.

The Best of Youth

Luigi Lo Cascio, Alessio Boni, Jasmine Trinca

Directed by Marco Tullio Giordana
Rolling Stone: star rating
5 3.5
Community: star rating
5 3.5 0
March 2, 2005

Please don't bitch about not having six hours to watch this humane and heartbreaking Italian film that requires you to read English subtitles. If you saw Boogeyman, Hitch and Hide and Seek -- and the box-office figures say you did -- that would qualify as six hours wasted. The Best of Youth, directed by Marco Tullio Giordana from a warmly expansive script by Sandro Pertraglia and Stefano Rulli, is a gift -- an intimate epic to get lost in. It tells the story of modern Italy, from 1966 to the near present, through the lives of the Carati brothers, Nicola (Luigi Lo Cascio) and Matteo (Alessio Boni). As history passes -- the floods in Florence, the Red Brigades, Mafia scandals, political assassinations -- it passes through them. Nicola is the Romeo who becomes a selfless psychiatrist. He loves Giulia (Sonia Bergamasco), a radical who locks horns with Matteo, the idealist soldier turned angry cop. The acting is electric. By the end of this haunting, hypnotic film, you feel you have watched lives being lived, not just imagined.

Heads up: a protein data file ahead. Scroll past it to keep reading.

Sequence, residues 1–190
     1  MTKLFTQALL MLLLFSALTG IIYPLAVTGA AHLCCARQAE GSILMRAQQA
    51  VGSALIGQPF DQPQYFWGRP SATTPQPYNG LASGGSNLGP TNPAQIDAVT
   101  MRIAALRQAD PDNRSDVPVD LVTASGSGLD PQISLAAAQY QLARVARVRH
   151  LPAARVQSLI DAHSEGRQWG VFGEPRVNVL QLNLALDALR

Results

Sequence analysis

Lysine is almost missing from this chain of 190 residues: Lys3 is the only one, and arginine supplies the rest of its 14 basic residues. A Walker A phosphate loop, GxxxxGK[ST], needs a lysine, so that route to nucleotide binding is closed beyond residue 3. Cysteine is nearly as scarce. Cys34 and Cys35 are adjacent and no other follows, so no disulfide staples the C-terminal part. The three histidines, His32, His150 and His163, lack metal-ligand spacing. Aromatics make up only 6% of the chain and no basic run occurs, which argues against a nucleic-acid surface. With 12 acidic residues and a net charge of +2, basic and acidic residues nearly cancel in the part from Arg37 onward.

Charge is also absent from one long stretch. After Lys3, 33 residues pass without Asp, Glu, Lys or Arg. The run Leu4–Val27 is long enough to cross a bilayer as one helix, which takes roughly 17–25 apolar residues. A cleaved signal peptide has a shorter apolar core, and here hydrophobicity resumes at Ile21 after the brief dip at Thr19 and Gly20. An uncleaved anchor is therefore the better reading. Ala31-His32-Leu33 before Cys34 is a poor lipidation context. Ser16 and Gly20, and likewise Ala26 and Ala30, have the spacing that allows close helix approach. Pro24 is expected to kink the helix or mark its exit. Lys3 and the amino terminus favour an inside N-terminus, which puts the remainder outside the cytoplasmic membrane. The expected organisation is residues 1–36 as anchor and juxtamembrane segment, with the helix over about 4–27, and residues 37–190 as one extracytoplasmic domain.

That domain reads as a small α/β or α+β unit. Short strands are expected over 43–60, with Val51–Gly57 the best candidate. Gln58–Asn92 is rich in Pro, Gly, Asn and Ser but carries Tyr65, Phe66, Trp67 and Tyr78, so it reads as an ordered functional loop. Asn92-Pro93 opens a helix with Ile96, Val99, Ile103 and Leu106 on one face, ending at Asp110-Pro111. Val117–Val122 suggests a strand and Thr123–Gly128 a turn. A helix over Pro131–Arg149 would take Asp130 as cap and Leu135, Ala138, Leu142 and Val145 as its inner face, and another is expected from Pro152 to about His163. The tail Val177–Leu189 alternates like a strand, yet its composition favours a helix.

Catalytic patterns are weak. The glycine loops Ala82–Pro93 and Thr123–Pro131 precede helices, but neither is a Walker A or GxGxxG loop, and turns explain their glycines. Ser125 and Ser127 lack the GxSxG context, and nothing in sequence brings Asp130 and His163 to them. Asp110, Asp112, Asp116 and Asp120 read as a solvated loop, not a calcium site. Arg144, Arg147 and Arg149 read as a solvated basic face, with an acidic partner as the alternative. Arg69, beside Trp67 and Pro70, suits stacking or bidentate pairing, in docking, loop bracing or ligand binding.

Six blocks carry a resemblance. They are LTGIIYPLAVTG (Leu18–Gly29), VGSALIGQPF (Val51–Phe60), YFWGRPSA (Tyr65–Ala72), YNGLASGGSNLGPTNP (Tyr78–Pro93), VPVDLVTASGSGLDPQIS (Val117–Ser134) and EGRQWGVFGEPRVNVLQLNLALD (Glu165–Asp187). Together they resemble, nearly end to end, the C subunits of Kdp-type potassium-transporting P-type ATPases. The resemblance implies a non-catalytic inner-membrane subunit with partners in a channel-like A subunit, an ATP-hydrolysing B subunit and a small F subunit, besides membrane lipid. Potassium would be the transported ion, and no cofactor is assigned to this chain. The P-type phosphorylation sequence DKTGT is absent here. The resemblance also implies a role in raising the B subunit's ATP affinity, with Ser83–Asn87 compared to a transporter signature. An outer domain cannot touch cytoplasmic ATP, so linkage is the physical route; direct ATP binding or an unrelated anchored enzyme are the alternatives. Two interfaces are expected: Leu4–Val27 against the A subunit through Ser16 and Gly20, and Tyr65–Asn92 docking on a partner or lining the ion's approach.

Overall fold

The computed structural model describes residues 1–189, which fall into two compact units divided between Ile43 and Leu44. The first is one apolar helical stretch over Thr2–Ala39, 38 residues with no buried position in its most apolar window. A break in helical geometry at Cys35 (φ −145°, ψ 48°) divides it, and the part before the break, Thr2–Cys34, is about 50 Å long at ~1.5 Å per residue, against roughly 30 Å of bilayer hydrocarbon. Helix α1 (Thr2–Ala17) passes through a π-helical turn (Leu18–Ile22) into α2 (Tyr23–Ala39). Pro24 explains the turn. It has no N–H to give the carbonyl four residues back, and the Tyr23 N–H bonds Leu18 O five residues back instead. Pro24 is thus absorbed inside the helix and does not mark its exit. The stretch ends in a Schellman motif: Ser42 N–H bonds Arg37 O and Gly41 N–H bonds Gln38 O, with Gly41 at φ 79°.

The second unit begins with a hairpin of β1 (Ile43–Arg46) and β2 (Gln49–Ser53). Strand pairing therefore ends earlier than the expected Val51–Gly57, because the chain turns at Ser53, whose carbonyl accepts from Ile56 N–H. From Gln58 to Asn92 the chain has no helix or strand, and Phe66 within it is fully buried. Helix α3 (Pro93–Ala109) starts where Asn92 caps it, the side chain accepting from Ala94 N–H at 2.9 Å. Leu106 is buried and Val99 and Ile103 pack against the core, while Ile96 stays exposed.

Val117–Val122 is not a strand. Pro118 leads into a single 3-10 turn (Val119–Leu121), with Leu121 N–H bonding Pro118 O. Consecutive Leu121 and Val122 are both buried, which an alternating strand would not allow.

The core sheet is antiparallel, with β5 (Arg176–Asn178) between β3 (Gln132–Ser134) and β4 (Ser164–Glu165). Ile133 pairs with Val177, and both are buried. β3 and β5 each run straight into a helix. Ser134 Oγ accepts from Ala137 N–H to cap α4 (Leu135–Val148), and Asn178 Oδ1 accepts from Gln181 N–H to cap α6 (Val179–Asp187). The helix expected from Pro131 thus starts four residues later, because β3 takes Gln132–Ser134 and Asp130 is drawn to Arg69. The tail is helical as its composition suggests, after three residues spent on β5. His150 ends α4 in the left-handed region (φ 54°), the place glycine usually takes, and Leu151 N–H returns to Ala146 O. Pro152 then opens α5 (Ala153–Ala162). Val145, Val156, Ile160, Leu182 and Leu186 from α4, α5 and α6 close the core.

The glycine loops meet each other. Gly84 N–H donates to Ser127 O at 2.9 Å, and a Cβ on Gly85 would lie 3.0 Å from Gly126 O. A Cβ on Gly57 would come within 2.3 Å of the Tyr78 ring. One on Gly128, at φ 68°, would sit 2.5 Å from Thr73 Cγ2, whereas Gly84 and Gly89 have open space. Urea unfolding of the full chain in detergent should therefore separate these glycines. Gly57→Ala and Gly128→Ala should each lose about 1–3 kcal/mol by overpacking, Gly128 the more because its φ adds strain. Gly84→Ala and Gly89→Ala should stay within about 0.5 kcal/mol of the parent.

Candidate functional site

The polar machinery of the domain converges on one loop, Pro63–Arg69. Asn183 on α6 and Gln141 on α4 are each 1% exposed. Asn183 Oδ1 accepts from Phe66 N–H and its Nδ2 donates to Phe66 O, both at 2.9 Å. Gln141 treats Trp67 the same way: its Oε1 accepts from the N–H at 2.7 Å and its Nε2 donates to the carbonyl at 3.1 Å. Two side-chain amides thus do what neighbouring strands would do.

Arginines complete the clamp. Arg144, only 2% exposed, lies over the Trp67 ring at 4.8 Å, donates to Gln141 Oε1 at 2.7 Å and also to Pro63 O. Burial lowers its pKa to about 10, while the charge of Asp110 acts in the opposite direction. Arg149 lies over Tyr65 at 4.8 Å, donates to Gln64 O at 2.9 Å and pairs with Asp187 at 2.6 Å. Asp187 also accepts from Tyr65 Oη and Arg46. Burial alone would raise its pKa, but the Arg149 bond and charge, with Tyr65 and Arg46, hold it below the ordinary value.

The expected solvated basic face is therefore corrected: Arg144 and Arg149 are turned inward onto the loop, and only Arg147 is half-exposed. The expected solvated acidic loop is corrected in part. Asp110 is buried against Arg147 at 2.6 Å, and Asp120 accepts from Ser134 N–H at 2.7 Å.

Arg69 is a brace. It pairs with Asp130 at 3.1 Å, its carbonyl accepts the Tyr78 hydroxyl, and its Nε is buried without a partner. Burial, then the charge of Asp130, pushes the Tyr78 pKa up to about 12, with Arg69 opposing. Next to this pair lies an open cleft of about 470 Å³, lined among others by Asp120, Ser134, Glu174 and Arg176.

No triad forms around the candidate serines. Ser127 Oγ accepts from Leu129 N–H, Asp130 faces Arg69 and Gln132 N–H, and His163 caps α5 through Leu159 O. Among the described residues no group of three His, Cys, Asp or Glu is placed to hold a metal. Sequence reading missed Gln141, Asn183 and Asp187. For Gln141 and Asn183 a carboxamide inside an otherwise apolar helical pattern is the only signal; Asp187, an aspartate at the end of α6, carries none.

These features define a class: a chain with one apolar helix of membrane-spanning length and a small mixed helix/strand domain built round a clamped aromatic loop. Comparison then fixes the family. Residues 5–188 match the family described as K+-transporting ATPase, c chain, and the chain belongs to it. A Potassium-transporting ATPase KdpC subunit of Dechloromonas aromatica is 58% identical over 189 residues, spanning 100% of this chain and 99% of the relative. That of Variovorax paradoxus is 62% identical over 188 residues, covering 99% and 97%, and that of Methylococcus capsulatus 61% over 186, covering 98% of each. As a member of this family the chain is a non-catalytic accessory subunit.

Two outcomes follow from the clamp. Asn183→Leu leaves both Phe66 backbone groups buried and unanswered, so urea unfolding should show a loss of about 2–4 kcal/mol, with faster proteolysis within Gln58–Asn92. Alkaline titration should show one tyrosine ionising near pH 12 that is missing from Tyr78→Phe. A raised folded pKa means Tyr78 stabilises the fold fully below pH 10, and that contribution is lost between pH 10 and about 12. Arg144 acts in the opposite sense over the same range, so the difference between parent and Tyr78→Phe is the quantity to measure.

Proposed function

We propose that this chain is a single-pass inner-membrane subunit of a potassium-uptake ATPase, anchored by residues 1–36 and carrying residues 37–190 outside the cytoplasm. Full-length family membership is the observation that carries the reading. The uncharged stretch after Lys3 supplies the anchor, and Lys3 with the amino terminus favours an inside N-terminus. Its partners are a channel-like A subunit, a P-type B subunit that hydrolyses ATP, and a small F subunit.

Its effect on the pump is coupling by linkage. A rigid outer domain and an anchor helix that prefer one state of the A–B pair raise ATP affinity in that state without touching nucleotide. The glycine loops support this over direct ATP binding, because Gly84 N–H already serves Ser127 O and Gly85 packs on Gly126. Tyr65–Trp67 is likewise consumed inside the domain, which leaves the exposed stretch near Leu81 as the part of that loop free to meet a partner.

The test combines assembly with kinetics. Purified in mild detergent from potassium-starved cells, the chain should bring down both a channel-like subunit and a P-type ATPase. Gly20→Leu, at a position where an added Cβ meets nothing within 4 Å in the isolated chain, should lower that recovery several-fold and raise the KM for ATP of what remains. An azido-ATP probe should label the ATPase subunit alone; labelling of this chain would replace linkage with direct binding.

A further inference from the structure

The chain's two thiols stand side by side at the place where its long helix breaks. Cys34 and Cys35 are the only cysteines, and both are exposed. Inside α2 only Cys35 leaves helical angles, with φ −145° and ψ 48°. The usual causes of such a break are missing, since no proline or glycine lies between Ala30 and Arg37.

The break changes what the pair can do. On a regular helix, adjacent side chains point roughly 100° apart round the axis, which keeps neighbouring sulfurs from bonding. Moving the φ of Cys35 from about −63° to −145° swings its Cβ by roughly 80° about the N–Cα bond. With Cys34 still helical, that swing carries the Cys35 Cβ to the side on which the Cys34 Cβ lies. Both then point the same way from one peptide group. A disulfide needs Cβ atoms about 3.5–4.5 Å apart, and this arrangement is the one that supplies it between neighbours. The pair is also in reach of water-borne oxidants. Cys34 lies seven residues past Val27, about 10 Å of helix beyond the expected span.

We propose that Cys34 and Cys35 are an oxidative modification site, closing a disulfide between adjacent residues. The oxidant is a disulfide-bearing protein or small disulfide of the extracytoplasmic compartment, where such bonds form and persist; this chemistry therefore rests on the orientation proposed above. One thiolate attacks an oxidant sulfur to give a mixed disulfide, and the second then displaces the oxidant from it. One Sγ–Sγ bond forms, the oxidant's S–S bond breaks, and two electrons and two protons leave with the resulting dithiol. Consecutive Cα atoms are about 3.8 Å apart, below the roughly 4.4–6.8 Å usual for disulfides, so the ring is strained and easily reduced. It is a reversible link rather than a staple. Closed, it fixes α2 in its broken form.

prev
Movie Review Main Next

ADD A COMMENT

Community Guidelines »
loading comments

loading comments...

COMMENTS

Sort by:
    Read More

    Movie Reviews

    More Reviews »
    Around the Web
    Powered By ZergNet
    Daily Newsletter

    Get the latest RS news in your inbox.

    Sign up to receive the Rolling Stone newsletter and special offers from RS and its
    marketing partners.

    X

    We may use your e-mail address to send you the newsletter and offers that may interest you, on behalf of Rolling Stone and its partners. For more information please read our Privacy Policy.

    Song Stories

    “Try a Little Tenderness”

    Otis Redding | 1966

    This pop standard had been previously recorded by dozens of artists, including by Bing Crosby 33 years before Otis Redding, who usually wrote his own songs, cut it. It was actually Sam Cooke’s 1964 take, which Redding’s manager played for Otis, that inspired the initially reluctant singer to take on the song. Isaac Hayes, then working as Stax Records’ in-house producer, handled the arrangement, and Booker T. and the MG’s were the backing band. Redding’s soulful version begins quite slowly and tenderly itself before mounting into a rousing, almost religious “You’ve gotta hold her, squeeze her …” climax. “I did that damn song you told me to do,” Redding told his manager. “It’s a brand new song now.”

    More Song Stories entries »
    www.expandtheroom.com